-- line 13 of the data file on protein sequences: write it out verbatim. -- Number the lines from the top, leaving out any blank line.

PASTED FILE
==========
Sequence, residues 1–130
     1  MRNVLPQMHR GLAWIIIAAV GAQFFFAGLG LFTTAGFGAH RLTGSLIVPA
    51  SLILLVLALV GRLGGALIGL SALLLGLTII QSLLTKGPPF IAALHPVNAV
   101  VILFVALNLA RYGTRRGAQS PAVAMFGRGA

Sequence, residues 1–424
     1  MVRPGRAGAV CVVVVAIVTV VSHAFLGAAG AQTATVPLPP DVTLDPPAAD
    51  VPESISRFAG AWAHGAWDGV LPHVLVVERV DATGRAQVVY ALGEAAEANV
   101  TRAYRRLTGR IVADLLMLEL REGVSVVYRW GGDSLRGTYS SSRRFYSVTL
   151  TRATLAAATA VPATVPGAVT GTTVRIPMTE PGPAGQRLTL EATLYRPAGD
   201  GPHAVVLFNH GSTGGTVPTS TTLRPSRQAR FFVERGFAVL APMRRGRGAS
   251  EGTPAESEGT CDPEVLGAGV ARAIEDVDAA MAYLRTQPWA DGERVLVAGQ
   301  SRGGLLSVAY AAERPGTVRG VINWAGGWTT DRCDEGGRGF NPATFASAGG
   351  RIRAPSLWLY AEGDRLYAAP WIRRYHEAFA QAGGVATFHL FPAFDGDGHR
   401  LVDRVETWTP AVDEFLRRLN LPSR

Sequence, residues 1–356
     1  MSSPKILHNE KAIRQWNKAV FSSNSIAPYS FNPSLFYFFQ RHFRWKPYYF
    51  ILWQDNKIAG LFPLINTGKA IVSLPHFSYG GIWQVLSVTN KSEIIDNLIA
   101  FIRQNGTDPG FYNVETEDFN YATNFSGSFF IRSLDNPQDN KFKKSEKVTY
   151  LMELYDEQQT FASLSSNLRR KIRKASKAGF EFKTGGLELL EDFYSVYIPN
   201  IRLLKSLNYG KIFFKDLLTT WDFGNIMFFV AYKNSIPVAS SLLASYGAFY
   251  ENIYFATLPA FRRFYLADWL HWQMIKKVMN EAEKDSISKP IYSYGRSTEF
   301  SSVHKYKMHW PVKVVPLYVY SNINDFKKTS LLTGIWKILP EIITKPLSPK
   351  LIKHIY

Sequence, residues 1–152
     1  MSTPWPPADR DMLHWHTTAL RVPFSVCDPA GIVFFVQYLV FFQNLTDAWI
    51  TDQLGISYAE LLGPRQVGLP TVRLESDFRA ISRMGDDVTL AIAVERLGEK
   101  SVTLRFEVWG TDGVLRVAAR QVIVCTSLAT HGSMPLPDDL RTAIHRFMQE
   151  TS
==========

   351  RIRAPSLWLY AEGDRLYAAP WIRRYHEAFA QAGGVATFHL FPAFDGDGHR